Ah fall, the time where leaves change colors, the weather cools and we take out all of the tasty productive crops in favor of the winter ones. We go from bright colored peppers, eggplants, tomatoes and squashes to green cabbages. Since our garden is first and foremost a display garden, we have started using more uncommon heirlooms to our advantage to diversify our fall and winter color. We now plant purple broccoli, cabbage and cauliflower, as well as red, orange, yellow and purple carrots. We also have several textured varieties of kale and colorful stemmed rainbow Swiss chard.
While the fall and winter kitchen garden may provide less of the vegetables we know and love, the featured vegetables are the traditional English fare. The colonists would probably be delighted by the fall vegetable change since they were untrusting and slow to accept many of our summer favorites. Our fall and winter kitchen menus tend to be much easier to create since we have many more recipes and cookbooks featuring the cabbage family than the tomato family.
Fall in the kitchen garden is interesting also in that it mirrors the family focus in many of our holiday traditions. Cabbage, kale, kohlrabi, broccoli, turnips, cauliflower, Brussel sprouts, collards and radish are all part of the Brassicaceae family. Swiss chard and beets are actually the same plant species (Beta vulgaris) where plant breeders picked different traits for each plant — and yes, that does mean you can save your grocery money and eat the beet greens just like Swiss chard.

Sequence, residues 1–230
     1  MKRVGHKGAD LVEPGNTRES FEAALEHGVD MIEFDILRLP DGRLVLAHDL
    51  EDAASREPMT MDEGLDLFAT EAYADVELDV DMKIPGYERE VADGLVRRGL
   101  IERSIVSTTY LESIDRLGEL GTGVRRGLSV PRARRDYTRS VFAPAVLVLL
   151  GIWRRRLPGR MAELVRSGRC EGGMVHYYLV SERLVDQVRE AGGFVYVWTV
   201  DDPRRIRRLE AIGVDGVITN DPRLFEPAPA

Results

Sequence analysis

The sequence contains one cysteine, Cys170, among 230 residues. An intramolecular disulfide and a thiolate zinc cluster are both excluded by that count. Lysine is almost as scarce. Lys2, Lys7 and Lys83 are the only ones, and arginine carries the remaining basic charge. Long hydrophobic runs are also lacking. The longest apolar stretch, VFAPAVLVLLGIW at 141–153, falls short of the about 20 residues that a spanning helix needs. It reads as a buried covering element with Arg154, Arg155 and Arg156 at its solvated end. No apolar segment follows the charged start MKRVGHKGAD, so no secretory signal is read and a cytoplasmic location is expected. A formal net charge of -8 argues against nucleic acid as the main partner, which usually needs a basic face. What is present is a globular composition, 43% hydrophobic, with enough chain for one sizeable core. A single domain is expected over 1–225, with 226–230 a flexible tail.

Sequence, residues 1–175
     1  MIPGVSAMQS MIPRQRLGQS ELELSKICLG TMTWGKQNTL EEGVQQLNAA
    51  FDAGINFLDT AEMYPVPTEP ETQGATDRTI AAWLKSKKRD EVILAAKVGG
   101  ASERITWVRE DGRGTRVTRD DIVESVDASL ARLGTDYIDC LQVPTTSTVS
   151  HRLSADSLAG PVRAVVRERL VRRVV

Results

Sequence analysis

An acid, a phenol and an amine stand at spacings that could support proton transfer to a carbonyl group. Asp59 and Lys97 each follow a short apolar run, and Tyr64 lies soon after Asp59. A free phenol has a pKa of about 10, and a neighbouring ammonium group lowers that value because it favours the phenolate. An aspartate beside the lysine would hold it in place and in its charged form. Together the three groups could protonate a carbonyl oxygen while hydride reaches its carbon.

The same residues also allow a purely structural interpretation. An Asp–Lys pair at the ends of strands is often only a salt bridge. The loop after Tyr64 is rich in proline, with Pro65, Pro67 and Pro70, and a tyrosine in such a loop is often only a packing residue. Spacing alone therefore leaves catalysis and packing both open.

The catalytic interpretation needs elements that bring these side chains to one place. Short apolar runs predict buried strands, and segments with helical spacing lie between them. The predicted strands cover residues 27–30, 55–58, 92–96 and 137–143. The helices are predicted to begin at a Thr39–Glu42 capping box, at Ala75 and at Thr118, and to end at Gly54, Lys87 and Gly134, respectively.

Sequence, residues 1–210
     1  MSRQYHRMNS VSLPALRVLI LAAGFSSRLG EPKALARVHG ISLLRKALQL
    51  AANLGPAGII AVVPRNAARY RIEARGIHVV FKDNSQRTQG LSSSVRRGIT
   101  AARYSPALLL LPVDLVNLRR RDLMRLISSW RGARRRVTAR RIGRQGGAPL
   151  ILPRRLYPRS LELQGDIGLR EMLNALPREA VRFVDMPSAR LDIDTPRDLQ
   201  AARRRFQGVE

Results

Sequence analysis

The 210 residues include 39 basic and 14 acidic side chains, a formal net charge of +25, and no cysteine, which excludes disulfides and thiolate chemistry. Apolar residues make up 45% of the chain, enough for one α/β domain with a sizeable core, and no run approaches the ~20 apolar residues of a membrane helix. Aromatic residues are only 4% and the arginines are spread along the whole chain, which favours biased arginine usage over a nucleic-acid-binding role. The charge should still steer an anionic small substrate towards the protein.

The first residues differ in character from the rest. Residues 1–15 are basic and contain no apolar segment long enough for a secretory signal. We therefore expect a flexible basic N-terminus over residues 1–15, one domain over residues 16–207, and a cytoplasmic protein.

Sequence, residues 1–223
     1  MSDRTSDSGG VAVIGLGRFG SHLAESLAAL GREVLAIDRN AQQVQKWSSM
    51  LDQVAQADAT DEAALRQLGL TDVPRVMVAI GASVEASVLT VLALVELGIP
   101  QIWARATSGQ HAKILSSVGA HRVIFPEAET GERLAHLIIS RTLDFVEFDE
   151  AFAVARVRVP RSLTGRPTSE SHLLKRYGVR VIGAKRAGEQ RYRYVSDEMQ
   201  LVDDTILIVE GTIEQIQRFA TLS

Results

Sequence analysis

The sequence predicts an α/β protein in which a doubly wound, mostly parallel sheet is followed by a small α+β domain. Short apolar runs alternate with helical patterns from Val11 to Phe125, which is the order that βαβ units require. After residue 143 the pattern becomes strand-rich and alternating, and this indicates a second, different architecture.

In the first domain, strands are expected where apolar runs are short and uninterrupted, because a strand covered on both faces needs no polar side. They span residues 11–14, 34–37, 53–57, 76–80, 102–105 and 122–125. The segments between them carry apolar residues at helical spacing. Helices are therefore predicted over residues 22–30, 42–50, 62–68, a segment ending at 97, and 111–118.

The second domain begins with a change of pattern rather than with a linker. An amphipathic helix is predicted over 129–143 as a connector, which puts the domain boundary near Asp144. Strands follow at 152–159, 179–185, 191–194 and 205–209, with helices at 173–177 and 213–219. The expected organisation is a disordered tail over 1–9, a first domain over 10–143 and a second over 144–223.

Most of the kitchen garden has been planted with fall and winter vegetables but several of our larger beds are being cover cropped. We use cover crops in the fall and winter to suppress weeds, build our soil and fix nitrogen from the air into our soil. We also try to choose cover crops, like clover, that will provide pollen for our bees when other flowers are not blooming profusely.
Many of our northern visitors have asked in the last few weeks, “Why are you still planting?” Our climate in New Bern typically allows us to have vegetables the whole year long. I say ‘typically’ since the last two winters we have had snow and ice resulting in a fall and early spring planting that were not particularly successful for cabbage or cauliflower. So here’s hoping for a mild winter with no snow!
Hadley Cheris, Gardener